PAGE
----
Just like playing golf, investing in public markets is full of paradoxes and to do well at either, you need to often do things that are counter-intuitive. When I look back on my investments over the years, my best ones tended to be ones where had they not worked out, I would have looked like an idiot. Because at the time of the investment, the flaws were obvious and very widely accepted. Most important, this also meant that all the bad news was already baked into the stock price and that anyone who was going to sell had probably already done so. So when I made the investment, I felt very exposed and the last thing I would want to do at that time was to explain to someone that I had made that investment and why. By contrast, my worst investments, would have received wide approbation had I told anyone at the time about them. An example today of an investment where everyone would nod approval (which, again is a generally bad sign) could be exclaiming that you just loaded up on an index fund. Because today, the market is at an all-time high and everyone loves index funds. Indeed, an investment in index funds (or also bonds) are often mentioned as “prudent;” though at this point in time, I consider them pretty risky.
I remember buying Amazon when everyone was saying that it was going bankrupt. I certainly didn’t talk much about that one. I recall buying Facebook after their “botched” IPO occurred and the news was all negative and it was assumed they were being left behind in mobile. Silence. I recall buying Bitcoin, when it had “collapsed” from its first run-up and the news was all about one of the account holders being hacked and that it was all drug money, etc. I certainly didn’t tell anyone about that one and, in fact, I didn’t buy much because I didn’t really understand it. Even today when I explain Bitcoin to people they roll their eyes and say “crazy.” I never bought Tesla, because starting another domestic car company just seemed so far fetched, I couldn’t get there. Whoops. Of course, just because a stock is widely derided doesn’t mean it’s going to rebound or take off and do well. I bought Twitter under the same pretenses and it has been a loser that can’t seem to get going. But I like this tactic and this morning, I’m buying a widely-derided tech stock that is considered “busted” and pretty much f-ed up no matter who you ask, except the users who I talk to who say they use it all the time. Of course, I don’t know if it will work and it may not, but I like the asymmetric profile of the risk where it seems like there is way more upside than downside. I’m not going to mention the name, because I’ll feel like an idiot if it doesn’t work out, and I am well aware that it may not.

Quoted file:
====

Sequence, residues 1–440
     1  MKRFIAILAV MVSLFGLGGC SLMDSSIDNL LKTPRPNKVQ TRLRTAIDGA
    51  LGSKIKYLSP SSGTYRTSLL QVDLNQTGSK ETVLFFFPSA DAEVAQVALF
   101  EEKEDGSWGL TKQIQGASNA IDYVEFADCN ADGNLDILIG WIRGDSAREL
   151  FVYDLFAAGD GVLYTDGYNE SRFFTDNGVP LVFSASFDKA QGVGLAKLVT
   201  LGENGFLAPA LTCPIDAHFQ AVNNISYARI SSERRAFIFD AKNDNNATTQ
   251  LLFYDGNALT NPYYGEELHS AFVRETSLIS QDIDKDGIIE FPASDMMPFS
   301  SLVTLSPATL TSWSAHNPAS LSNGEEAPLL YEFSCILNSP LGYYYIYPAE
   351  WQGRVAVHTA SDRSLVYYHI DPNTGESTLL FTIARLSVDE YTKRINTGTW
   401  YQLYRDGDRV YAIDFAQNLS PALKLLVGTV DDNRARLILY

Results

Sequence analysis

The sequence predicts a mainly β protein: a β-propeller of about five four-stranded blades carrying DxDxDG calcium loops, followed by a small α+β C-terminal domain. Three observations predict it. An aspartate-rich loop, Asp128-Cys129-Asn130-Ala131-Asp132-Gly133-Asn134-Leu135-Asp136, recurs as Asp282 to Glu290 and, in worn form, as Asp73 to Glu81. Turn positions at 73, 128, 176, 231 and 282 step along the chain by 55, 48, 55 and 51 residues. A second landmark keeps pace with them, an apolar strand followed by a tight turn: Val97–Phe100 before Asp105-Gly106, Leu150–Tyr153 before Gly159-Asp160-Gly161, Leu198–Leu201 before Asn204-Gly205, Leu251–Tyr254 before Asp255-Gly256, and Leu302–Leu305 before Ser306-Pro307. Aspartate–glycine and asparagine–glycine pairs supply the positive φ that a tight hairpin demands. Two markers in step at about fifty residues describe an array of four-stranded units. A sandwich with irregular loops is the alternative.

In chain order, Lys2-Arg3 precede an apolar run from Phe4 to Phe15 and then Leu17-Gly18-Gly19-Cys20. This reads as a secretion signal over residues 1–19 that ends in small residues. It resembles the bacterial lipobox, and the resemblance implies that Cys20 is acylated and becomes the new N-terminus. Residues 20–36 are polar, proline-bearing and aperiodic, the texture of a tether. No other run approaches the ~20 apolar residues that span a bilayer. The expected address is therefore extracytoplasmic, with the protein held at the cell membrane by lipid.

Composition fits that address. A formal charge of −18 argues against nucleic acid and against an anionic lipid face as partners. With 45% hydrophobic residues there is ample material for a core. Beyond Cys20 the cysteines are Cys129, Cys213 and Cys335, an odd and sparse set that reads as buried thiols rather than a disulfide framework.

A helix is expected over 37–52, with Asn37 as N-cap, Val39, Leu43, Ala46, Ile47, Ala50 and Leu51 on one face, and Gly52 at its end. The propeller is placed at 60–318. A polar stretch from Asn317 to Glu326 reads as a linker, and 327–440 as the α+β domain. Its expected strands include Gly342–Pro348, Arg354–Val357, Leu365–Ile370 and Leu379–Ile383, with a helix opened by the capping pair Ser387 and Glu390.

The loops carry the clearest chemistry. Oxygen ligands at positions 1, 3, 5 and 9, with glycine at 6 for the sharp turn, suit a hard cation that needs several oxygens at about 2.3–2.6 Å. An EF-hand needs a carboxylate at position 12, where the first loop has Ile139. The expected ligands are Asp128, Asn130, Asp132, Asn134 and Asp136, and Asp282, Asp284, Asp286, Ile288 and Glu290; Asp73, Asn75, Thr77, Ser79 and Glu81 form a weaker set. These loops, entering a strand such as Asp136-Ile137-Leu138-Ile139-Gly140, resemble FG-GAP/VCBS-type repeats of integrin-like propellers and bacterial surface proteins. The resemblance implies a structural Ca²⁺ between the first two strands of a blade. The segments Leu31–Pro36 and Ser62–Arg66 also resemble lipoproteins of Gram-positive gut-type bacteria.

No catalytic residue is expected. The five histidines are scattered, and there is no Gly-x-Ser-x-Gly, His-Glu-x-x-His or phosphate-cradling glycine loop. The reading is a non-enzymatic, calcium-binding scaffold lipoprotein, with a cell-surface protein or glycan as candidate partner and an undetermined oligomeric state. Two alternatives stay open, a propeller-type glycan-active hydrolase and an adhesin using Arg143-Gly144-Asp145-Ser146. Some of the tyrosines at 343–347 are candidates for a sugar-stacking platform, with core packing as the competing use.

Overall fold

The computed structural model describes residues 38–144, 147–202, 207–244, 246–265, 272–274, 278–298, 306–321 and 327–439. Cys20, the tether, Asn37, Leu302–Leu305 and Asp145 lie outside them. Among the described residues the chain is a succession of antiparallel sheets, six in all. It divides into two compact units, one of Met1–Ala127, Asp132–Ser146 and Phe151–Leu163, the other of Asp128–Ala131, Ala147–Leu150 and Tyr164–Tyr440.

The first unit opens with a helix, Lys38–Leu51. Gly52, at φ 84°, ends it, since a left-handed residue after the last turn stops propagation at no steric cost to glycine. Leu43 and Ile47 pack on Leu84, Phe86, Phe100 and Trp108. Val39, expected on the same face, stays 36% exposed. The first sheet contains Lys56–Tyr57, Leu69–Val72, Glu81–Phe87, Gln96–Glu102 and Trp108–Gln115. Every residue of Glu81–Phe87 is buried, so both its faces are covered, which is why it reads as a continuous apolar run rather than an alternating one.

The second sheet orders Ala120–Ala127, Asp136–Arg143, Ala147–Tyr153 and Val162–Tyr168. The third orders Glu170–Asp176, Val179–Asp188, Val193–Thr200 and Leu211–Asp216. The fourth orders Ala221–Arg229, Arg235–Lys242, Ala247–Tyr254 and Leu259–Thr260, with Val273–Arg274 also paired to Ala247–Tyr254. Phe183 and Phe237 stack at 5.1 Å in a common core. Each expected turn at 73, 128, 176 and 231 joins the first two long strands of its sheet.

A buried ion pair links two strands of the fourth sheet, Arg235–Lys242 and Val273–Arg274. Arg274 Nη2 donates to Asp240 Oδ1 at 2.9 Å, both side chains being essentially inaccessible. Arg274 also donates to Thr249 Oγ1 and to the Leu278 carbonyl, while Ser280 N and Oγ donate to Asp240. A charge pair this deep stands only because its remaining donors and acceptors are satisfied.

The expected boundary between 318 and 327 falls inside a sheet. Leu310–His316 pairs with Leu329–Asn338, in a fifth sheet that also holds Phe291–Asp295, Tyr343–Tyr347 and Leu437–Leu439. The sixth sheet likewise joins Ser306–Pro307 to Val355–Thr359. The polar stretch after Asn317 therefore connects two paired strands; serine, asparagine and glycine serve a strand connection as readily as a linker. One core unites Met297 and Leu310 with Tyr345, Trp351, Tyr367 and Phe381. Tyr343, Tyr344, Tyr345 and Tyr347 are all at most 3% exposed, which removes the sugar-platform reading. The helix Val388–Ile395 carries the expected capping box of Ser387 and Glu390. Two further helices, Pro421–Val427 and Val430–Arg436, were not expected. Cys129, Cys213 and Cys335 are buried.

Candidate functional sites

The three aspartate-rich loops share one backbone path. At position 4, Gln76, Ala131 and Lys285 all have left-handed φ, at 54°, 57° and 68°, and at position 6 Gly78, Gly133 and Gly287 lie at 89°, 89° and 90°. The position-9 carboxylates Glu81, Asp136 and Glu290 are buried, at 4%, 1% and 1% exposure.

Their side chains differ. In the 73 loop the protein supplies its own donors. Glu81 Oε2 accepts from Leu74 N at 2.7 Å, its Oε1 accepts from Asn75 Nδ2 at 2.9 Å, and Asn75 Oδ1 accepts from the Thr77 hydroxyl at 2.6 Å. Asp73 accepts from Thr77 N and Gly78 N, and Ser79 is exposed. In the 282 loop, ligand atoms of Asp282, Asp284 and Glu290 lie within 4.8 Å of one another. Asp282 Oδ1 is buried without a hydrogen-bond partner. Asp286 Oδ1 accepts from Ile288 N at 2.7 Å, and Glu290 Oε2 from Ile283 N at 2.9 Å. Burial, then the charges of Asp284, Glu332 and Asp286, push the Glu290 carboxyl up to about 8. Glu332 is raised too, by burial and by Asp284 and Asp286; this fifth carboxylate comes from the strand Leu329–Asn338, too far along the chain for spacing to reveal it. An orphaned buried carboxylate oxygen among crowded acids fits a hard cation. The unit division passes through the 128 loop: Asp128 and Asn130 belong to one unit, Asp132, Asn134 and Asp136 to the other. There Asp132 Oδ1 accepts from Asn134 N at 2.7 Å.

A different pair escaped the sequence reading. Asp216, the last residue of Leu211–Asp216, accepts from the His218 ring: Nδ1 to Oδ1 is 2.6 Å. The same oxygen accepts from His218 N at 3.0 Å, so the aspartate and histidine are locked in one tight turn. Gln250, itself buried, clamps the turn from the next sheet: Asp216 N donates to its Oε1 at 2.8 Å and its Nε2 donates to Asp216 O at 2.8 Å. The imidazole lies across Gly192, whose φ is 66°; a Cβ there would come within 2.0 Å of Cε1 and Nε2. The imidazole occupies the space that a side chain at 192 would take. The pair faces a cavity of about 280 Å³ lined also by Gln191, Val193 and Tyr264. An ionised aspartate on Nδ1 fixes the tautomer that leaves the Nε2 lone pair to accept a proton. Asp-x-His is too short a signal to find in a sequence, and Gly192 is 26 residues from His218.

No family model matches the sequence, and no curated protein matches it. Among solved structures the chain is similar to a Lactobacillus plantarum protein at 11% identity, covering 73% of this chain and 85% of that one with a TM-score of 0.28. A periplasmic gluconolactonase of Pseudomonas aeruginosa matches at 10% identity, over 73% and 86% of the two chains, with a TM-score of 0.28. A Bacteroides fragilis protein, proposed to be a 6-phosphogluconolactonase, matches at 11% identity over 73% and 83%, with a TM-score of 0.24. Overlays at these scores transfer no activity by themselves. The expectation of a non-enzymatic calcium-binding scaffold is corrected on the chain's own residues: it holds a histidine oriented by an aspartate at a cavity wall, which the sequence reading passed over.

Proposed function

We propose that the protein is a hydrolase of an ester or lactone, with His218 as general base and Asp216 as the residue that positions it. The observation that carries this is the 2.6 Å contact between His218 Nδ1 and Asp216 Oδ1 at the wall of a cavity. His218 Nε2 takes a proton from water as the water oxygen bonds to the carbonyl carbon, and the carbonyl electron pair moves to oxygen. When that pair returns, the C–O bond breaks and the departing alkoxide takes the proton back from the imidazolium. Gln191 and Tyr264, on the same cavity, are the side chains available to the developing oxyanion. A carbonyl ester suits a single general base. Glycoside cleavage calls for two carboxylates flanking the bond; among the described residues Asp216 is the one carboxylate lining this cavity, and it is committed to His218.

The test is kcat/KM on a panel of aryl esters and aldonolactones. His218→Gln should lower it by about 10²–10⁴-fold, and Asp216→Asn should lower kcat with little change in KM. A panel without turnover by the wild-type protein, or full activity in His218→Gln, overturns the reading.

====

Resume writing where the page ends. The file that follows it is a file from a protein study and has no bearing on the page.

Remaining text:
As I mention in my book, The Start-Up J Curve, investing in startups has been a similar experience in that my best investments have often been pretty gut-wrenching and not obvious. They are ones I’m embarrassed to explain to friends and family, because if they bomb, I’d look pretty dumb. By contrast, the ones that were “no-brainers” have usually turned out to be struggles, not always, but usually. Investing is a hard business in part because winning habits run counter to natural inclinations. Nobody wants to look like an idiot, but if you are looking for a great investment, you may need to risk it.